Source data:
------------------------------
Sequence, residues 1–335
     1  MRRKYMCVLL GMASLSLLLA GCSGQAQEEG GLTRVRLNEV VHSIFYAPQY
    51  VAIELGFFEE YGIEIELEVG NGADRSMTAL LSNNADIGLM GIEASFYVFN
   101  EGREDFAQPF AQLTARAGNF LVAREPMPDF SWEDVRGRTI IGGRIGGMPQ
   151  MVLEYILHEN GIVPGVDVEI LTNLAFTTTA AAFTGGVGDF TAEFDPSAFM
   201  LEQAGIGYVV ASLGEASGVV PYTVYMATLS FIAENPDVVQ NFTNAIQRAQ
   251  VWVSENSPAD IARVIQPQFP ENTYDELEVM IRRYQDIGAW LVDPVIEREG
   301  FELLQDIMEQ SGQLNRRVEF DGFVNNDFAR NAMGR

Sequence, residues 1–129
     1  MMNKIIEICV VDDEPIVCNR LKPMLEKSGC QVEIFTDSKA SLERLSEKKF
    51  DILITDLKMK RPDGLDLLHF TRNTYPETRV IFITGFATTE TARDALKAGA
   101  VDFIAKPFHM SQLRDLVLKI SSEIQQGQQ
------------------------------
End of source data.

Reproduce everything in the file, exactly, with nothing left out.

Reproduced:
Sequence, residues 1–335
     1  MRRKYMCVLL GMASLSLLLA GCSGQAQEEG GLTRVRLNEV VHSIFYAPQY
    51  VAIELGFFEE YGIEIELEVG NGADRSMTAL LSNNADIGLM GIEASFYVFN
   101  EGREDFAQPF AQLTARAGNF LVAREPMPDF SWEDVRGRTI IGGRIGGMPQ
   151  MVLEYILHEN GIVPGVDVEI LTNLAFTTTA AAFTGGVGDF TAEFDPSAFM
   201  LEQAGIGYVV ASLGEASGVV PYTVYMATLS FIAENPDVVQ NFTNAIQRAQ
   251  VWVSENSPAD IARVIQPQFP ENTYDELEVM IRRYQDIGAW LVDPVIEREG
   301  FELLQDIMEQ SGQLNRRVEF DGFVNNDFAR NAMGR

Sequence, residues 1–129
     1  MMNKIIEICV VDDEPIVCNR LKPMLEKSGC QVEIFTDSKA SLERLSEKKF
    51  DILITDLKMK RPDGLDLLHF TRNTYPETRV IFITGFATTE TARDALKAGA
   101  VDFIAKPFHM SQLRDLVLKI SSEIQQGQQ